Today is my birthday.
What I would like to do is go to a museum.
Specifically, a museum that tells Frenchtown's countless stories.
Imagine, if you will, a surviving 19th century building converted into a museum (in a way that preserves its original bones as much as possible, of course).
Imagine a giant (fiberglass, of course) bottle of Sainsevain Brothers Wine outside, beckoning visitors and reminding attentive passersby that French-owned vineyards once dotted downtown Los Angeles.
Perhaps there is even a rear courtyard where visitors can see wine grapes growing - Mission, Cabernet Sauvignon, Cabernet Franc, and Sauvignon Blanc (i.e. the varieties Jean-Louis Vignes grew at El Aliso long before Union Station was built on the site). Replicas of 19th-century winemaking equipment are also on display (we mustn't expose authentic artifacts to the elements!).
Inside, an entire gallery traces California's wine industry from Louis Bauchet and Jean-Louis Vignes through the present day. Bottles, winemaking equipment, and personal effects, carefully preserved behind glass, bear the names Sainsevain, Vache, Mesnager, and Nadeau (among others). Perhaps, if we are really lucky, Pierre Sainsevain's steam-powered stemmer crusher will be on view.
A second gallery tells the overall story of the French in Los Angeles.
Bricks from the zanja madre, surviving pieces of hollow log pipe, and an original iron pipe speak to the struggle for safe, reliable water in Los Angeles and to the forgotten Frenchmen who gave it their all - Jean-Louis Sainsevain, Damien Marchessault, Prudent Beaudry, and Solomon Lazard. Surviving pictures of Sainsevain's water wheel and the founding members of the Los Angeles City Water Company bring to life the difficulties of hydrating a parched city.
Pharmaceutical ads and medicinal packaging speak to LA's early French pharmacists - Chevalier, Viole & Lopizich, and the Brunswig family. Photos and very old medical equipment represent Dr. Nadeau (no relation to Remi), Dr. Pigne-Dupuytren, and the French Hospital.
A wall of old maps, perhaps with tiny LED lights representing the path of the Temple Street Cable Railway, show Prudent Beaudry's massive impact as a developer.
Paul de Longpré's pretty flowers adorn a wall - and perhaps someday the Seaver Center will loan out a few of Henri Penelon's paintings.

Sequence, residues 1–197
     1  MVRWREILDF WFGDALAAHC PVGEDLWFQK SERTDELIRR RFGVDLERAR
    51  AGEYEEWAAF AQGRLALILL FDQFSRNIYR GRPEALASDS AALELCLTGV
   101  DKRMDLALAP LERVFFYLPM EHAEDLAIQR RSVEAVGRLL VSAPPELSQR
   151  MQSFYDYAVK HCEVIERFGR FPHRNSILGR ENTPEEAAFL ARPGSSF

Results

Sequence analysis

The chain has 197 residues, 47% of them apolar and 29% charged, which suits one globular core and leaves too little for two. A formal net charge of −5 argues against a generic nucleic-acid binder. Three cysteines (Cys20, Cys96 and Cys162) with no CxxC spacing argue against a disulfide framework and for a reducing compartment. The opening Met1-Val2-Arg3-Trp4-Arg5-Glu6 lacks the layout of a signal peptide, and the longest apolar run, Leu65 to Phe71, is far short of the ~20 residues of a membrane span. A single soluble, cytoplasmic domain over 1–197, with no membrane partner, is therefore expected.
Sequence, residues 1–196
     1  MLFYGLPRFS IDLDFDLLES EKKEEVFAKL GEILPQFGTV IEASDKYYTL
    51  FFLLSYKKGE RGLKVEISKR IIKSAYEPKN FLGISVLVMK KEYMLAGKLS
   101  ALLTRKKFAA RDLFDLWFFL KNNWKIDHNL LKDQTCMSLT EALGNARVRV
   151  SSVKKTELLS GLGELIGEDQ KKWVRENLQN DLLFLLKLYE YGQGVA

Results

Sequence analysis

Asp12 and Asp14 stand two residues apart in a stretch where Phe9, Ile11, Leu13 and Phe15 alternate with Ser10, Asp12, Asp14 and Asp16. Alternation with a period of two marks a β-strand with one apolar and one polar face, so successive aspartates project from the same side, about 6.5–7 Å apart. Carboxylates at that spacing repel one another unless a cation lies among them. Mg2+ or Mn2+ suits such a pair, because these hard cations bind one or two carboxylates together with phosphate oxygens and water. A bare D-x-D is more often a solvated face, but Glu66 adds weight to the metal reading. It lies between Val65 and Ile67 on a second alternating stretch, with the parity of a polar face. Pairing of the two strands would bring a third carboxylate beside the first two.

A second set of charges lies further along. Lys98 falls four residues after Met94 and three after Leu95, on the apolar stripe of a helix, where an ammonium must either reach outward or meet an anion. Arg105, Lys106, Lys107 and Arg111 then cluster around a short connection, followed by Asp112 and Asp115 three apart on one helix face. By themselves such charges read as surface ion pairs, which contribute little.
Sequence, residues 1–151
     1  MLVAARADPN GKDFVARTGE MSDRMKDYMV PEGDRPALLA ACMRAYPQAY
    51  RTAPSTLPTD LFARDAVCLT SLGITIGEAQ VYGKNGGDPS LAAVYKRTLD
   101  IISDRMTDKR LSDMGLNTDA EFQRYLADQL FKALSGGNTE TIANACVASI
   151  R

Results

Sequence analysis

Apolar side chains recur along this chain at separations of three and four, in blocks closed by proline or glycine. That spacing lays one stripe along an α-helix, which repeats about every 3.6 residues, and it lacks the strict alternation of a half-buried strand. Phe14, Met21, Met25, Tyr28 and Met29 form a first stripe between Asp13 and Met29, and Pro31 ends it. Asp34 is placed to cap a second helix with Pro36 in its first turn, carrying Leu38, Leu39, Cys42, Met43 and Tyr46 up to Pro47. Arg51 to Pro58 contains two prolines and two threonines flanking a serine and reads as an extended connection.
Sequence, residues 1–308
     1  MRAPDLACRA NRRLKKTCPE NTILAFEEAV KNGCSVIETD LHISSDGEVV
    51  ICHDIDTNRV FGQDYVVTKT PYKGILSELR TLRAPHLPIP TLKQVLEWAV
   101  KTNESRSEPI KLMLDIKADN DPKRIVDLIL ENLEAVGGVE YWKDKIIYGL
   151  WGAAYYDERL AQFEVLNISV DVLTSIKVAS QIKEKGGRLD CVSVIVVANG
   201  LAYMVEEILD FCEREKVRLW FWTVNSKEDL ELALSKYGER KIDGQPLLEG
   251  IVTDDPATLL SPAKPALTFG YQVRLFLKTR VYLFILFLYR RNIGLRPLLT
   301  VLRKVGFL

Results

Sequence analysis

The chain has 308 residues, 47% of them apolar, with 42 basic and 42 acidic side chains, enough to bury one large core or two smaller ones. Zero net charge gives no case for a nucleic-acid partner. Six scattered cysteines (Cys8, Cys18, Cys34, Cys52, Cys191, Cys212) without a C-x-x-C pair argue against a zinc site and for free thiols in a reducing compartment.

A case of antique watches, jewelry, and hardware, alongside modern-day aerospace materials, testifies to the importance of Charles Ducommun, the talented Franco-Swiss watchmaker who founded California's oldest corporation.
The evolution of law and order in Los Angeles might be seen in a case displaying photos of the Lachenais lynching, Judge Julius Brousseau's gavel, and perhaps the badge of Eugene Biscailuz, former LA County Sheriff and founder of the California Highway Patrol.
Perhaps one of Victor Ponet's cabinets has survived. Perhaps it displays milk bottles from the Sentous, Alpine, and Pellisier dairies. (Heck, I'd be happy if one of Ponet's coffins survived and was in decent enough condition for display.) And perhaps a copy of the Doors' album "Morrison Hotel" - built on Ponet's land - hangs on the wall, linking long-forgotten LA with still-in-living-memory LA.
A sizable wall case shows glassware, dinnerware, menus, matchbooks, and other items from French-owned restaurants. I just might be thrilled to death to point out the glasses from Café de Paris that are on permanent loan from my personal collection*. But we all know Philippe Mathieu, creator of the French Dip, is going to be the star here (even if he did move back to France when he retired).
One unique display stacks fruit crates high, with labels reading Model, Basque, Daily, Popular, and Golden Ram. Next to the stack? If we are very lucky, a surviving jug from Bastanchury Water - since all of those brands were based on the Bastanchury family's enormous orange grove in Fullerton.
Surviving pictures and the odd schoolbook speak to LA's French educators, ranging from Father Lestrade and his boys' boarding school to Madame Henriot and her Francophone private school to the modern-day Lycée Français. Perhaps there is even a clipping from one of the olive trees used to create olive oil in a contest at Caltech during Dr. Jean-Lou Chameau's tenure.
World War One is recalled, perhaps, by a rare surviving plaster statuette of Pedretti's Doughboy (sold to raise funds for the statue), Lucien Brunswig's dispatches from war-torn France, Georges Le Mesnager's correspondence with General Pershing, and artifacts from the many French war-relief organizations headquartered in LA (and, probably, chaired by Brunswig). Perhaps there is even something that belonged to Dr. Kate Brousseau, who used her brilliant bilingual mind and Ph.D in psychology to rehabilitate traumatized soldiers.